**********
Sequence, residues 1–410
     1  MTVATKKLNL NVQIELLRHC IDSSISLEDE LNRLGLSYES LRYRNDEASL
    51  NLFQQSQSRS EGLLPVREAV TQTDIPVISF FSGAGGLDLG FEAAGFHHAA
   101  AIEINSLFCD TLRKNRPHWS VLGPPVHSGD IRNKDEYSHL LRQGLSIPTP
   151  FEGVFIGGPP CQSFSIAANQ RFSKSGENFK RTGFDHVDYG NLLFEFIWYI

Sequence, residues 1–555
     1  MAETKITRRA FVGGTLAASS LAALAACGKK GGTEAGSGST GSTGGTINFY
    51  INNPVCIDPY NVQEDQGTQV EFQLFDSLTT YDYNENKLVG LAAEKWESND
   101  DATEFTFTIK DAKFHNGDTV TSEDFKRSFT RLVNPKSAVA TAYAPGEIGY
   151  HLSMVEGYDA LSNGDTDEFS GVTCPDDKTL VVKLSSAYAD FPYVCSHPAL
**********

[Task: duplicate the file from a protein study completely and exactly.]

Sequence, residues 1–410
     1  MTVATKKLNL NVQIELLRHC IDSSISLEDE LNRLGLSYES LRYRNDEASL
    51  NLFQQSQSRS EGLLPVREAV TQTDIPVISF FSGAGGLDLG FEAAGFHHAA
   101  AIEINSLFCD TLRKNRPHWS VLGPPVHSGD IRNKDEYSHL LRQGLSIPTP
   151  FEGVFIGGPP CQSFSIAANQ RFSKSGENFK RTGFDHVDYG NLLFEFIWYI

Sequence, residues 1–555
     1  MAETKITRRA FVGGTLAASS LAALAACGKK GGTEAGSGST GSTGGTINFY
    51  INNPVCIDPY NVQEDQGTQV EFQLFDSLTT YDYNENKLVG LAAEKWESND
   101  DATEFTFTIK DAKFHNGDTV TSEDFKRSFT RLVNPKSAVA TAYAPGEIGY
   151  HLSMVEGYDA LSNGDTDEFS GVTCPDDKTL VVKLSSAYAD FPYVCSHPAL